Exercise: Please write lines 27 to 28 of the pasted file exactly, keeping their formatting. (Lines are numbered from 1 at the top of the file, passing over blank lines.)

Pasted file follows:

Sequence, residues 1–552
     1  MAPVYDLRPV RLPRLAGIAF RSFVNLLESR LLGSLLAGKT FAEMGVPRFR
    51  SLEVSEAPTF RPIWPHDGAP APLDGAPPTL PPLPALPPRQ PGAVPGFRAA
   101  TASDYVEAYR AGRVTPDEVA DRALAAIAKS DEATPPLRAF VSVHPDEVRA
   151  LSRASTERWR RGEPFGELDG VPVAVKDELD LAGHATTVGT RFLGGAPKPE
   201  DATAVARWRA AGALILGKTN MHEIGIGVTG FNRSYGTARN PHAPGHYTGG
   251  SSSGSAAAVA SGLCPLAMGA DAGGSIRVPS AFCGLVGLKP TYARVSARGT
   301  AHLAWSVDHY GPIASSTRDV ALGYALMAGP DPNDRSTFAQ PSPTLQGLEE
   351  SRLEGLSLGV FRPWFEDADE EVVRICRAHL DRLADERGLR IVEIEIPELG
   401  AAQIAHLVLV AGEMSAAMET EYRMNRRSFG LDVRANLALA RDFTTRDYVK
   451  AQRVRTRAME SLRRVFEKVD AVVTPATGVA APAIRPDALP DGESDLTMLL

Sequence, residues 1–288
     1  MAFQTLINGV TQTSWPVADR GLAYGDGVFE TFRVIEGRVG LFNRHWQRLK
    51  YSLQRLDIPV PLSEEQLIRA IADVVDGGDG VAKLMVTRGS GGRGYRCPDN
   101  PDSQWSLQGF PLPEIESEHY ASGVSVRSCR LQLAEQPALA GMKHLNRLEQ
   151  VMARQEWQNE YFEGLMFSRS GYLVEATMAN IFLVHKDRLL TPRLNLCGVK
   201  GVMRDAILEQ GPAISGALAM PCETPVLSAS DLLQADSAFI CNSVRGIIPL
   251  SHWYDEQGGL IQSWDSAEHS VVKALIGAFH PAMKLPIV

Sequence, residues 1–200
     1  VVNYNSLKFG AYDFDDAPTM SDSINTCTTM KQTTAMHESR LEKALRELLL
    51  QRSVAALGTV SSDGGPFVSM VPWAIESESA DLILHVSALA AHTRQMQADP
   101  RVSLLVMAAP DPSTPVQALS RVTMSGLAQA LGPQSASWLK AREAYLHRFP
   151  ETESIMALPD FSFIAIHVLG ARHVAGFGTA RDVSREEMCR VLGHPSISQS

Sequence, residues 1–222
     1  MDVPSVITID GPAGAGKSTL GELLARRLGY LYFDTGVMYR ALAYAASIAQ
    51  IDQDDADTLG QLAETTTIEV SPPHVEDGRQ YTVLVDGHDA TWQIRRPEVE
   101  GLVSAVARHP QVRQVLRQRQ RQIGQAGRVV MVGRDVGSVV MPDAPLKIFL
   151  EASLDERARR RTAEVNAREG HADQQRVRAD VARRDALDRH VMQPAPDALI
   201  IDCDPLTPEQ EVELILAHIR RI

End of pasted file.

   101  GLVSAVARHP QVRQVLRQRQ RQIGQAGRVV MVGRDVGSVV MPDAPLKIFL
   151  EASLDERARR RTAEVNAREG HADQQRVRAD VARRDALDRH VMQPAPDALI